Thursday, July 26, 2007
The price of corn (maize) has doubled in a year, and wheat futures are at their highest in a decade. The food price index in India has risen 11 percent in one year, and in Mexico in January there were riots after the price of corn flour (used in making the staple food of the poor, tortillas) went up fourfold.Those factors are demand from population growth in Asia (and the Middle East, if you believe Mark Steyn), bio-fuels competing for arable land, and global warming. This reminds me of nothing so much as the days in the 1970s when the Club of Rome was declaring our imminent starvation. Luckily then we had Julian Simon:
Even in the developed countries, food prices are going up, and they are not going to come down again. Cheap food lasted for only 50 years. Before the Second World War most families in the developed countries spent a third or more of their income on food (as the poor majority in developing countries still do). But after the war a series of radical changes, from mechanisation to the Green Revolution, raised agricultural productivity hugely and caused a long, steep fall in the real price of food.
For the global middle class, it was the Good Old Days, with food taking only a tenth of their income. It will probably be back up to a quarter within a decade, and it may go much higher than that, because we are entering a period when three separate factors are converging to drive food prices up.
Rising population did not mean less food, just the opposite: instead of skyrocketing as predicted by the Malthusian theory, food prices, relative to wages, had declined historically. In the United States, for example, between 1800 and 1980, the price of wheat plummeted while the population grew from 5 million to 226 million. Accord-ing to Malthus, all those people should have been long dead, the country reduced to a handful of fur trappers on the brink of starvation. In fact, there was a booming and flourishing populace, one that was better-fed, taller, healthier, more disease-free, with far less infant mortality and longer life expectancy than ever before in human history. Obesity, not starvation, was the major American food problem in 1980. Those were the facts.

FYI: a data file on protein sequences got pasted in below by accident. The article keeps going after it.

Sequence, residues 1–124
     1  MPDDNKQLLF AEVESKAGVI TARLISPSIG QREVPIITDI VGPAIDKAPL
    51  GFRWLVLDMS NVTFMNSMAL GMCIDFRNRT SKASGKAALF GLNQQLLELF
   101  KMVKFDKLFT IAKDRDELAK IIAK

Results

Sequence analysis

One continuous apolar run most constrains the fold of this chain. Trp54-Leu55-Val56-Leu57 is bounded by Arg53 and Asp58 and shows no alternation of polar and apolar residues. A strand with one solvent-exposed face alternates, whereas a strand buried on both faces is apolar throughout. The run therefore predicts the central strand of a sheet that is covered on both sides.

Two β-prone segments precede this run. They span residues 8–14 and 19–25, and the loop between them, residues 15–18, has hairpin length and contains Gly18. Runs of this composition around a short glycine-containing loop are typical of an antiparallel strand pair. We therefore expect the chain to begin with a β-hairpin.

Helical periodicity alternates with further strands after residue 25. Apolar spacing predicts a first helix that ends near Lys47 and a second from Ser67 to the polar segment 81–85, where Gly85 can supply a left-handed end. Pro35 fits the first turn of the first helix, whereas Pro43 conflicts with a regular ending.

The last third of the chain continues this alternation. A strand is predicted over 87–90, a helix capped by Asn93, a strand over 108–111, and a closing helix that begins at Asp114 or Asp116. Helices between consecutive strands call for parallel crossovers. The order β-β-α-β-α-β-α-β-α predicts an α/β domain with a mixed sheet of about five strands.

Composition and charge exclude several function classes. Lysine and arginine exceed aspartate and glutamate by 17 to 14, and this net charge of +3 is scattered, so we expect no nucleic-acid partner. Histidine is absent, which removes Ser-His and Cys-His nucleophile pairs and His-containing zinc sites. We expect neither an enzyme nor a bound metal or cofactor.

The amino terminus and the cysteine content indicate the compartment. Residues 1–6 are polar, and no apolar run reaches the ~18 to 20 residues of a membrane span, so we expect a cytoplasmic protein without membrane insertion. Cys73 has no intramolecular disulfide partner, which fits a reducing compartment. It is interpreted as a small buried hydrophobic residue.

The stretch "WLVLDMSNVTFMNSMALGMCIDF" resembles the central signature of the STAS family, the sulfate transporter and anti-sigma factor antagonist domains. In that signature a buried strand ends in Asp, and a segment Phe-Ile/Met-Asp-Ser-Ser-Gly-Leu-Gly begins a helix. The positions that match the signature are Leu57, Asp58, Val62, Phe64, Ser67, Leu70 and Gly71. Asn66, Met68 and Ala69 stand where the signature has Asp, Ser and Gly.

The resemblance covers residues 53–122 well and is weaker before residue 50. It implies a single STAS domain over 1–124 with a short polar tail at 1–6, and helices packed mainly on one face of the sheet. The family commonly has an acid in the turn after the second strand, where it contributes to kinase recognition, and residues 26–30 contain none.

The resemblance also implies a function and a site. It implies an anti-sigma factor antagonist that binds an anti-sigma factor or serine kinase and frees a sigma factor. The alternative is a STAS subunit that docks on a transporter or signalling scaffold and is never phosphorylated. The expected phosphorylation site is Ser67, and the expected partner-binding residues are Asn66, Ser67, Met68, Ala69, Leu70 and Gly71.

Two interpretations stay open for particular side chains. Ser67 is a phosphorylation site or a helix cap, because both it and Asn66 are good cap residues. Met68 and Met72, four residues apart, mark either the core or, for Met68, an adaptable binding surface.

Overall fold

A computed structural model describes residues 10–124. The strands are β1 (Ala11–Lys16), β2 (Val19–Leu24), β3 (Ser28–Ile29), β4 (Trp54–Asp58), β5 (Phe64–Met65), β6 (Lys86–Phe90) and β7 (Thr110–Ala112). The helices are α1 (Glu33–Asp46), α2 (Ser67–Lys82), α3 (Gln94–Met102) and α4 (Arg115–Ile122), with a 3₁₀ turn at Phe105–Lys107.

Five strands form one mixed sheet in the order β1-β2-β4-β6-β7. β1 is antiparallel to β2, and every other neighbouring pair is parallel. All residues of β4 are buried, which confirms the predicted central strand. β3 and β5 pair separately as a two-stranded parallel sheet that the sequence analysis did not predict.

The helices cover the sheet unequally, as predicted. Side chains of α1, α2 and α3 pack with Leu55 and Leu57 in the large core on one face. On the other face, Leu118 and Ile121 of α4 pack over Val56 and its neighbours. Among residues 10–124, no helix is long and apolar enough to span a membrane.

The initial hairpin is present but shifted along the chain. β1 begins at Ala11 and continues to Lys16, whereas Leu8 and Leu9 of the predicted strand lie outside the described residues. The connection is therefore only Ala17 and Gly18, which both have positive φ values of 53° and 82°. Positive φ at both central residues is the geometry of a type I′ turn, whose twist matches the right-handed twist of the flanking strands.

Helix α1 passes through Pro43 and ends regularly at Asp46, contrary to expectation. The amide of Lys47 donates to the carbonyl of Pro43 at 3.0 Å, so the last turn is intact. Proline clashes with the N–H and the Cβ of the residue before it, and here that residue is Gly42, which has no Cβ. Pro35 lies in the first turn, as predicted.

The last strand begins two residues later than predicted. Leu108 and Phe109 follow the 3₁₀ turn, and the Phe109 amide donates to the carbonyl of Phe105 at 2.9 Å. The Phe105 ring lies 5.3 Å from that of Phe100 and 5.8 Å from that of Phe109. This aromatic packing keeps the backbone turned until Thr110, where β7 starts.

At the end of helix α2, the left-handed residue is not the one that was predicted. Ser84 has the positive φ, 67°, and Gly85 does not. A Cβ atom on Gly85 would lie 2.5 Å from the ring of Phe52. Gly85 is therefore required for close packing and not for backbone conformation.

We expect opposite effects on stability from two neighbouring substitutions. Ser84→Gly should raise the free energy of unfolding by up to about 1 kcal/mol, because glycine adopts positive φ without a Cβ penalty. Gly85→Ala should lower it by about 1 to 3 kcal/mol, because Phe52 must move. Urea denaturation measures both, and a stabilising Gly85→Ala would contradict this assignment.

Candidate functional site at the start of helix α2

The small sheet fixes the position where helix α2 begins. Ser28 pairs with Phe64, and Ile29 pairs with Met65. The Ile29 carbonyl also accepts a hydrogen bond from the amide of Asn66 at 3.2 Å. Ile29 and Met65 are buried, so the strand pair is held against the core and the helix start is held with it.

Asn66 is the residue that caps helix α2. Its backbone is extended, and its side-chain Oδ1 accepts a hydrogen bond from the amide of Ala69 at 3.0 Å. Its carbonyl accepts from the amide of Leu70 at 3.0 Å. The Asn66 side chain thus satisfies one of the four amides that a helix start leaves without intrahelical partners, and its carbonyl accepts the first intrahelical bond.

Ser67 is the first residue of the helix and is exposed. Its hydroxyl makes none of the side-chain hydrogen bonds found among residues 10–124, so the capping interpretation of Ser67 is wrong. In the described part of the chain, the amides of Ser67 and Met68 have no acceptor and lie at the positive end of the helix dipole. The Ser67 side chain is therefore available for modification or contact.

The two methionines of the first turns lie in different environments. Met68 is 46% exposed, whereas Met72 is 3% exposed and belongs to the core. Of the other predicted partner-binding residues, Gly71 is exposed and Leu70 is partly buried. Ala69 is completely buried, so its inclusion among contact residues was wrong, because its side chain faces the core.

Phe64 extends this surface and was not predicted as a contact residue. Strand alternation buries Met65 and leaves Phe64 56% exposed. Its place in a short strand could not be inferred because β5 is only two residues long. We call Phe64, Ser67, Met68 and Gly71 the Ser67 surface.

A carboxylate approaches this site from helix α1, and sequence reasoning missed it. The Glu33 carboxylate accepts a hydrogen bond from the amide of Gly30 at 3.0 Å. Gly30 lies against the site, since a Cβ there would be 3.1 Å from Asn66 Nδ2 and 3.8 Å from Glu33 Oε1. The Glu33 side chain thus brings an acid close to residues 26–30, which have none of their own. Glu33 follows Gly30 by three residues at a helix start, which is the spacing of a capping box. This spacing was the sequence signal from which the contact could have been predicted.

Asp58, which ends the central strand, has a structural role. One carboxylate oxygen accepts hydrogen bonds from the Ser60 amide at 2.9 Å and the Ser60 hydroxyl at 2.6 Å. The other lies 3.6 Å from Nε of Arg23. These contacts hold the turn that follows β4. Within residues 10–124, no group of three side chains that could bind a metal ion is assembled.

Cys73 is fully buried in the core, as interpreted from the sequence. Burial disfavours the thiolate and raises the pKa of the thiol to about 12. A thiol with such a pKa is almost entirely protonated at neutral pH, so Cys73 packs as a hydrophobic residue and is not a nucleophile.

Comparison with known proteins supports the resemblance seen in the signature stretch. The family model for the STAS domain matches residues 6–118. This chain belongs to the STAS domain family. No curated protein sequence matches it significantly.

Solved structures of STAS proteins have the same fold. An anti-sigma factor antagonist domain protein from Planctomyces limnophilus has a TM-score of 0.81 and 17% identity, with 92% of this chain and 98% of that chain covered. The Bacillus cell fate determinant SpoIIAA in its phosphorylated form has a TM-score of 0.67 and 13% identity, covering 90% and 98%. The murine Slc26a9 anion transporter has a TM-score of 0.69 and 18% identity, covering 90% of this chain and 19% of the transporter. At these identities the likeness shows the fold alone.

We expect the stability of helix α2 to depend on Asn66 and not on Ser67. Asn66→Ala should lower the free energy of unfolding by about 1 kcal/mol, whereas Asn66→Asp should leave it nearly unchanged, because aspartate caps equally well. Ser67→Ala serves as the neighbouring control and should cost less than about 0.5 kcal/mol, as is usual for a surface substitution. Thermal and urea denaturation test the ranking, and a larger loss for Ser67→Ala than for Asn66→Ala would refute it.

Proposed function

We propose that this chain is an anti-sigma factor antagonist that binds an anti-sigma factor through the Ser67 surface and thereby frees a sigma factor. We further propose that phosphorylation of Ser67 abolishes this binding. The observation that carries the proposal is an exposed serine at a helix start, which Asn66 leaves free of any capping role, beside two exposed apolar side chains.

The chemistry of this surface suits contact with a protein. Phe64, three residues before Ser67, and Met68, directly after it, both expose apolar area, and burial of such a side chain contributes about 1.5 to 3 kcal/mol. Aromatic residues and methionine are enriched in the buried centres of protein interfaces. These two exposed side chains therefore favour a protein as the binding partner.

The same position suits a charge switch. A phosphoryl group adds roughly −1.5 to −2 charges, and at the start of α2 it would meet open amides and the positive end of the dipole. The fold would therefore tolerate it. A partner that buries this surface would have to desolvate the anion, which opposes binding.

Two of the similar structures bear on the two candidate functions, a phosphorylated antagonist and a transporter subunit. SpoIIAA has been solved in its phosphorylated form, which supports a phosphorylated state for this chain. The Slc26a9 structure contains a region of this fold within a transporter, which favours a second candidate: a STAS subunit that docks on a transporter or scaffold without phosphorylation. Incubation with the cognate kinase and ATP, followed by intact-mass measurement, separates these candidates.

The price of corn on the futures market is currently about $3.50/bushel. Now that's well above these historical figures, but when adjusted for the effect of inflation these rates are not that far above the 1995 levels. And that's not even the current price. Just like Simon, you could go look it up, or you can just sit and write and worry.